The third and final lesson from working in a hierarchy is that highlighted in scripture.
Matthew 8:5 And when Jesus entered Capernaum, a centurion came to Him, imploring Him, 6 and saying, “[Lord, my servant is lying paralyzed at home, fearfully tormented.” 7 Jesus *said to him, “I will come and heal him.” 8 But the centurion said, “Lord, I am not worthy for You to come under my roof, but just say the word, and my servant will be healed. 9 For I also am a man under authority, with soldiers under me; and I say to this one, ‘Go!’ and he goes, and to another, ‘Come!’ and he comes, and to my slave, ‘Do this!’ and he does it.” 10 Now when Jesus heard this, He marveled and said to those who were following, “Truly I say to you, I have not found such great faith with anyone in Israel.
So the story goes: a Roman centurion has a desperate need, his servant is paralyzed and in need of healing. Jesus offers to come and heal the man but the centurion suggested another idea based on his understanding of who Jesus is. He said “I am not worthy for You to come under my roof”. This centurion also understood deeply how hierarchy works. “I say to this one, ‘Go!’ and he goes, and to another ‘Come!’ and he comes, and to my slave, ‘Do this!’ and he does it”. This centurion understood the infinitely powerful spiritual authority that Jesus had. He knew that all Jesus had to do was to say the word, and some how some way his servant many miles away would be healed.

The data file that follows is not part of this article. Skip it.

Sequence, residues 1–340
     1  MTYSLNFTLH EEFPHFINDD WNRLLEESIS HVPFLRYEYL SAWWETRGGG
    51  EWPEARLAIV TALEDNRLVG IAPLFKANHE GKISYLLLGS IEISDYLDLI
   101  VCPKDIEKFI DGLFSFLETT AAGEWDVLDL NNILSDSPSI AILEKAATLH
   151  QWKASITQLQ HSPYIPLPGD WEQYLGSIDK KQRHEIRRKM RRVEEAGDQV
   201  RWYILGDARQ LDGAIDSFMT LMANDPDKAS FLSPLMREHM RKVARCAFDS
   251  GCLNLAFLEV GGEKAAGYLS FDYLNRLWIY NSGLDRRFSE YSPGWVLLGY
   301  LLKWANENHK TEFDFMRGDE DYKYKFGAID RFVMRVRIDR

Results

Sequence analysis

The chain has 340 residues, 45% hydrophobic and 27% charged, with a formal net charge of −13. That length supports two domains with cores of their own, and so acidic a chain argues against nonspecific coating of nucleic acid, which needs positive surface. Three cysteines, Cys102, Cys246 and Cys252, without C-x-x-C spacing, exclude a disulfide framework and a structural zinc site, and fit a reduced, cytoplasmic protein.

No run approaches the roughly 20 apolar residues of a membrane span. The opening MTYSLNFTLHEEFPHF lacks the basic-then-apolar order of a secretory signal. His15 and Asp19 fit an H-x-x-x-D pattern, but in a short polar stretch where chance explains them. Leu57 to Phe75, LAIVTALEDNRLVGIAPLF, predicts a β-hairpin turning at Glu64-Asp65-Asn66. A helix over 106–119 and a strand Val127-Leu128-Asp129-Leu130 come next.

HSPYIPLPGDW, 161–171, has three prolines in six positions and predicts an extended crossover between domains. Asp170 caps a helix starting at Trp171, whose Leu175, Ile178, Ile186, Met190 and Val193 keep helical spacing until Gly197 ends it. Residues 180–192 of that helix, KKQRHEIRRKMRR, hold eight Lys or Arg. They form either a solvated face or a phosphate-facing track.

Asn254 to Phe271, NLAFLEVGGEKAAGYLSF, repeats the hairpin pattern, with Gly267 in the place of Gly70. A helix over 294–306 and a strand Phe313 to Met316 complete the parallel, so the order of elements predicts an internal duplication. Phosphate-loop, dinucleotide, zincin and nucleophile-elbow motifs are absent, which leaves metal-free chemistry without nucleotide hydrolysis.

Within authorities (if they are led well) the words and desires one of the one at the top rules, he (or she) is the greatest one that people rally around. This means two things: 1) go against anyone within that line of authority and we risk the wrath of the one at the top. So be supportive of people within if you want to be supportive of the one at the top and we must be supportive if we want promotion. 2) If we are at odds with the one at the top we will be at odds with everyone loyal to the one at the top.
If you find yourself within a hierarchy (and you want to do well) take care to not violate these rules. Hierarchies are neither inherently evil nor inherently good they are simply tools of unity, they align our efforts, commitment and loyalty under one or a few persons.
Another noteworthy fact is that Jesus never set up a line of authority among his disciples nor did he teach them to do so. Jesus did not want some of his disciples above or below the others. He even seemed to prohibit this when his disciples were wanting to do so.
Matthew 20:24 And hearing this, the ten became indignant with the two brothers. 25 But Jesus called them to Himself and said, “You know that the rulers of the Gentiles lord it over them, and their great men exercise authority over them. 26 It is not this way among you, but whoever wishes to become great among you shall be your servant
Find Part I of this series here:
Find Part II of this series here:
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